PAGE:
In April, an earthquake devastated Nepal, killing more than 8,500 people and destroying some of the country’s most important cultural sites. Now, New York’s Rubin Museum of Art has obtained never before seen images from Kathmandu-based photographer Kiran Man Chitrakar of Nepal’s ruined cultural heritage sites, among them a UNESCO World Heritage site in Bhaktapur, a Vaishnava shrine in the Kathmandu valley, a significant Buddhist shrine complex in Kathmandu City, and the iconic Kasthamandap Temple in Durbar Square.
On a special section of the museum’s website it has, as of this morning, posted photographs of Nepal’s hard-hit cultural sites before the earthquake along with recent images taken by the photographer in the event’s aftermath.
The Rubin is currently presenting a special art installation in its lobby, titled “Honoring Nepal,” featuring a selection of the institution’s 600 Nepalese objects. The online portal for “Honoring Nepal” includes information about concurrent programming and events, as well as a list of charities and humanitarian relief organizations for those who wish to support rebuilding efforts.
In a June 11 statement, UNESCO raised concerns over the reopening of damaged sites, which it has been evaluating closely in the week’s following the April-May earthquakes. Today, several of the sites have reopened to visitors, even as recovery is ongoing.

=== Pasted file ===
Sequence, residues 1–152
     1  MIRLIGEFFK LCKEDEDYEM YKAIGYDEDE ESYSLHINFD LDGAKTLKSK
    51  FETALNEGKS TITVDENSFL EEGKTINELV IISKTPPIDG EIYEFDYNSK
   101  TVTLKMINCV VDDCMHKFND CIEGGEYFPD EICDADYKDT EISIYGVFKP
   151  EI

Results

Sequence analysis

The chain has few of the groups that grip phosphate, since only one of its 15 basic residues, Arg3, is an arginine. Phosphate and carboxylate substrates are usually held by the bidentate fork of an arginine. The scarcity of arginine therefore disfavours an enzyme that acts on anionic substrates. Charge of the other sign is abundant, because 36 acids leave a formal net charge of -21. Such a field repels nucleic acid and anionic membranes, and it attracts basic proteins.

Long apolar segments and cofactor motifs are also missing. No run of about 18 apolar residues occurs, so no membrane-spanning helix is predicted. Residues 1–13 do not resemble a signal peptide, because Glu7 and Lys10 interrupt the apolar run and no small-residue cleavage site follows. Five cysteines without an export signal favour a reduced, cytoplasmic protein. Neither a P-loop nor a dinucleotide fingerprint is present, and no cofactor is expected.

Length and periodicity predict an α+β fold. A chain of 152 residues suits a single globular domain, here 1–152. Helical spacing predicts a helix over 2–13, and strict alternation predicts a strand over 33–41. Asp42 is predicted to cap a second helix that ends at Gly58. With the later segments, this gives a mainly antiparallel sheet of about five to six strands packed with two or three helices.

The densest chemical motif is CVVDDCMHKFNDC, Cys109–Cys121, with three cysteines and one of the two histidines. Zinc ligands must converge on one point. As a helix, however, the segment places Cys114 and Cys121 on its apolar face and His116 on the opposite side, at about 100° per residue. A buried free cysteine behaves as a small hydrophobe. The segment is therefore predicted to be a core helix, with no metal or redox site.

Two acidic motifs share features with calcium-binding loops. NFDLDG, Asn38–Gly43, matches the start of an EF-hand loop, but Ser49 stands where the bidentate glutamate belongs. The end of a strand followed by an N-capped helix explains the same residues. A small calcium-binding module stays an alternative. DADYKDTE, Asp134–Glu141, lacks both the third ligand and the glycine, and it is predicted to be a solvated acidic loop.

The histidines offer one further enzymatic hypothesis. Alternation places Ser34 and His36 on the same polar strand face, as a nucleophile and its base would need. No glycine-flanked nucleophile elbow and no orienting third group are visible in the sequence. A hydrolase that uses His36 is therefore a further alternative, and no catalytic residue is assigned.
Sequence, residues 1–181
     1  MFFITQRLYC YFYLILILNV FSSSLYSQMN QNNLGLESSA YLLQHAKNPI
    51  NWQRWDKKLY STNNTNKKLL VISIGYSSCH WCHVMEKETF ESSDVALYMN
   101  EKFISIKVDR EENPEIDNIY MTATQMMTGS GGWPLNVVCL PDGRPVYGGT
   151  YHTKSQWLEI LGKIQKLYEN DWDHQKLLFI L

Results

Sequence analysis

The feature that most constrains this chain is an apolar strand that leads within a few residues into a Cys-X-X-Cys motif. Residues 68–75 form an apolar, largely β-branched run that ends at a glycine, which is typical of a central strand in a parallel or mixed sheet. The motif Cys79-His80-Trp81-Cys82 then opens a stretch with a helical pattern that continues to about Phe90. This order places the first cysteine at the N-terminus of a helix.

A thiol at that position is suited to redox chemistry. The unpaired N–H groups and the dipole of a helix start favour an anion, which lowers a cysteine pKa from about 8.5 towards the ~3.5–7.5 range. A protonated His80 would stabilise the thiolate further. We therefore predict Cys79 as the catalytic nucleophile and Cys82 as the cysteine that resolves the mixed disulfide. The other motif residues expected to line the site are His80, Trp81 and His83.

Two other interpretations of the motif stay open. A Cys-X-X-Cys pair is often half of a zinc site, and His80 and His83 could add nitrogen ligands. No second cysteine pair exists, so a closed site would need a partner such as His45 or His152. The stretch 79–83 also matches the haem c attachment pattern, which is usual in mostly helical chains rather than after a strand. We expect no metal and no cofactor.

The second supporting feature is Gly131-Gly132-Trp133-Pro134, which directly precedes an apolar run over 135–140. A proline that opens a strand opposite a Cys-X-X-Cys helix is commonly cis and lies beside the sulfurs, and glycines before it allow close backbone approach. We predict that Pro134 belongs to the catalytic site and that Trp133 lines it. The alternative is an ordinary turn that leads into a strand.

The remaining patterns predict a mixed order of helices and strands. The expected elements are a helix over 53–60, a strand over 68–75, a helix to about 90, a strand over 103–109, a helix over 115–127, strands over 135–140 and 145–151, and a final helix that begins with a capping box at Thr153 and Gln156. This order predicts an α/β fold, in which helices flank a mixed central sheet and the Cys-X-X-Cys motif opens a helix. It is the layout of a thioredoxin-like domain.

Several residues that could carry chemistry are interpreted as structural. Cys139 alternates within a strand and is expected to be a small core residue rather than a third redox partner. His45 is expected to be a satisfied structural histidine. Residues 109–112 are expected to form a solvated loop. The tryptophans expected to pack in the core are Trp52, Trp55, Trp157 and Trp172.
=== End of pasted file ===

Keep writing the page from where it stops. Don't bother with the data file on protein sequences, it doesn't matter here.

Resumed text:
Durbar Square in Bhaktapur, which is included on UNESCO’s list of significant cultural heritage sites, was an ancient city state, and its Batsala Devi temple built between the late 17th and early 18th century collapsed during the quake. Below, an image of the plaza from 2014, before the disaster.
The photographer, Mr. Chitrakar, is the third member of his family, following his father and grandfather, to serve as a royal court photographer in the country. In 1930, the photographer’s grandfather snapped a photo of the world famous wooden pavilion—said to be made from a single tree—which gave the city of Kathmandu its name. In 1934, the temple survived an earthquake, and in 1966 underwent a major renovation.
Kasthamandap Temple collapsed completely on April 25, 2015.
Swayambhucaitya is considered one of the most important complexes for Newar Buddhists in the Nepalese capital. It is located on a hill in the western part of the city. Below is the site in 1970, photographed by Mr. Chitrakar’s father.
One of several large, white, Sikhara-type temples nearly collapsed following the April 25 earthquake, along with area housing.
Changu Narayan temple dates to the fourth century AD, and include inscriptions belonging to the ruler of the Licchavi dynasty who lived between the end of the fifth and early sixth century. The site underwent renovations in the 16th century, and was damaged by fire in 1702.
Today, the main temple still stands, but its walls have suffered major damage.
Another view of the country’s significant cultural sites comes via a May 6 post from the museum’s blog, highlighting iconic locations through artistic depictions from the collection.
View more images from Nepal’s cultural heritages sites affected by the April-May earthquakes at Rubinmuseum.org/page/then-and-now-home.